The Yiddish Policemen’s Union by Michael Chabon

I don’t remember ever doing a book review on this blog, and I figure it’s as good a time as any to start. To be honest, I was spurred on to do so by a less than favourable review of the The Yiddish Policemen’s Union by Michael Chabon that appeared in the Guardian. Well, it was pretty favourable, but I was annoyed by the reviewer’s insistence on an ‘almost fatal flaw’
To summarize briefly, TYPU deals with the creation of Sitka, a Jewish district in Alaska after the collapse of the new state of Israel in 1948. A temperory homeland, and one that is due to revert back to Alaskan control. In this setup, a murder is investigated by Police Detective Landsman, who takes to the case mainly out of a sense of outrage- since the murder was committed in his apartment block. The plot then proceeds to wind its way around Landsman’s ex-wife (who is now his commanding officer), Jewish tradition, political maneuvering, Jewish-Indian relations, chess obsessions etc etc.
The genre of the book lies, to my mind, fairly square within Alternate History, a subgenre of speculative fiction, which may explain why the Guardian reviewer had a hard time. It’s a detective story embedded in an alternate history. A close relative of this book is Len Deighton’s SS-GB, which deals with a murder enquiry within Nazi occupied Britain. It is obvious that TYPU is speculative fiction, especially because it follows most of the implicit rules of the genre. For example, there is little or no overt references to the historical differences. We begin to realize the true nature of the alternate history only through off hand comments, say like the destruction of Berlin by an atomic bomb, or the failure of the state of Israel. There is yiddish slang peppered all through the book, and most of the words you have to understand through context. And furthermore, there is (to my knowledge) new slang, a whole new vocabulary of this fantastic place. Once again this is consistent with Speculative fiction, where the ‘exposition’- a bulk of text explaining the setup- is now considered bad form. You begin to figure out the meaning of the words and the true nature of Sitka only by osmosis, and not by explicit instruction.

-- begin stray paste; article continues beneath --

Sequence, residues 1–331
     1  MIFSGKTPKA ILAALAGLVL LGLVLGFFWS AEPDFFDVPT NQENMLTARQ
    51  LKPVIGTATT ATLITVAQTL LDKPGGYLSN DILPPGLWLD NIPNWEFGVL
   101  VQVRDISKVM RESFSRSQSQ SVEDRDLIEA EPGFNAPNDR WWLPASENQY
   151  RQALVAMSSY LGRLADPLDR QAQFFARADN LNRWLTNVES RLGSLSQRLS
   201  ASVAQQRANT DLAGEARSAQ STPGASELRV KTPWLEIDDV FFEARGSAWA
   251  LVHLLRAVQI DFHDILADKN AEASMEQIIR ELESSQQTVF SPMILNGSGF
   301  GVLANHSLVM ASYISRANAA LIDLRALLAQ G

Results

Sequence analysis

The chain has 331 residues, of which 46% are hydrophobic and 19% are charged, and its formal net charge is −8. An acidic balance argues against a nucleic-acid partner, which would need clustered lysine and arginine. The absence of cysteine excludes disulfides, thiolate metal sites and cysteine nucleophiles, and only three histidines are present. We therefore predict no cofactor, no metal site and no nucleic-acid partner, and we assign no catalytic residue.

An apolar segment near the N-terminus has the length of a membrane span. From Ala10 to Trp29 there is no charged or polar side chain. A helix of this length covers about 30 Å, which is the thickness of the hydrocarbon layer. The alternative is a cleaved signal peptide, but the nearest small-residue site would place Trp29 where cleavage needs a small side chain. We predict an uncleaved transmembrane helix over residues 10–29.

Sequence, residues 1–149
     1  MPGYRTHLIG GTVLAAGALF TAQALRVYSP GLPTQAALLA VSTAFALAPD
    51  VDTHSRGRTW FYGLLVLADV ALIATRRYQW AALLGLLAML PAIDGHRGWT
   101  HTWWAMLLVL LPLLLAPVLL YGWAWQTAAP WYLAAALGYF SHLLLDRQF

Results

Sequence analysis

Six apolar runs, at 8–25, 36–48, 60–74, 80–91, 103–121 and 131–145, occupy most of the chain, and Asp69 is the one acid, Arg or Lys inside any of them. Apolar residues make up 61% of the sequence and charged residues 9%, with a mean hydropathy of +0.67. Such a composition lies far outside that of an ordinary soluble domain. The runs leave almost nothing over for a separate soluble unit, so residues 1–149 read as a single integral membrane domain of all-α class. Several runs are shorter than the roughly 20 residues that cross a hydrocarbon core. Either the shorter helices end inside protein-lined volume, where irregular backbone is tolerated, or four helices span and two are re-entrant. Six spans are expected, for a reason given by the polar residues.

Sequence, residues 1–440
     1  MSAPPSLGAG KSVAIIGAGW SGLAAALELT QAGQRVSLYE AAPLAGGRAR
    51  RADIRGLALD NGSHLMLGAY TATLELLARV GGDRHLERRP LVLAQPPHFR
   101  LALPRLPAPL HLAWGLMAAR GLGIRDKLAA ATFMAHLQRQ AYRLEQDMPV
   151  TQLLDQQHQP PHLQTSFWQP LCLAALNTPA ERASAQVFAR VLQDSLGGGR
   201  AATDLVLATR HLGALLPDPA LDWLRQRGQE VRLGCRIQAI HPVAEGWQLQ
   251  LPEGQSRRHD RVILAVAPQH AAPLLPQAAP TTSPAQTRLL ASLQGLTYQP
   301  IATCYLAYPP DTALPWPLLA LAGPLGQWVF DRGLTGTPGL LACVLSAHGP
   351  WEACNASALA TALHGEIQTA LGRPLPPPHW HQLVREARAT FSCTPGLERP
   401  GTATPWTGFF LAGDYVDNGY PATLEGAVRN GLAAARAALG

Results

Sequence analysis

The book is, not surprisingly, very Jewish. Some familiarity with the tropes of Judaism is probably useful, but not essential . One reviewer claimed that it would be all but inaccessible to casual readers, but once again, people who read speculative fiction are used to being presented with a strange setup and having to make sense of it slowly. It’s almost a pre-requisite. Given this approach, I had very little problem ‘getting’ the book. Of course, I’m a bit pre-disposed to the book, since I did spend two years in Israel, and speculative fiction dominates my reading. Nevertheless, I think that despite the lack of clear hand holding, the book still delivers the goods. In fact, the book won the Nebula award for Best Novel, further cementing its ties with the speculative fiction genre.

My rating: Four stars (of David) from me.


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